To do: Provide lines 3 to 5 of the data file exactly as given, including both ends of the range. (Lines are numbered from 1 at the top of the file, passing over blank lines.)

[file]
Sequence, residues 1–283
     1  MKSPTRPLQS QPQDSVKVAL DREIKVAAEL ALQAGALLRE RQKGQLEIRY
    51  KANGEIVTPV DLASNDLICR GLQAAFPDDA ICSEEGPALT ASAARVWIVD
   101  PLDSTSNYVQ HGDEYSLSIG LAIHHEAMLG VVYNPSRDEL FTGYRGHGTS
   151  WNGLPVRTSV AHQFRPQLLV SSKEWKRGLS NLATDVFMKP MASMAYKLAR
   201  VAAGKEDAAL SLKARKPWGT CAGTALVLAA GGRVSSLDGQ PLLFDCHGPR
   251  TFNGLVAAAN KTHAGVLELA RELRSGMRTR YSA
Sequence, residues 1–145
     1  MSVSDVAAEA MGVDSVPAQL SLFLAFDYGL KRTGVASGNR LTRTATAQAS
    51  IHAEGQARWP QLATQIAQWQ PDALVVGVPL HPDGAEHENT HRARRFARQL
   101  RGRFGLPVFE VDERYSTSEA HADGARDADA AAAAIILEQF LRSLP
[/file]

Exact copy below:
    51  KANGEIVTPV DLASNDLICR GLQAAFPDDA ICSEEGPALT ASAARVWIVD
   101  PLDSTSNYVQ HGDEYSLSIG LAIHHEAMLG VVYNPSRDEL FTGYRGHGTS
   151  WNGLPVRTSV AHQFRPQLLV SSKEWKRGLS NLATDVFMKP MASMAYKLAR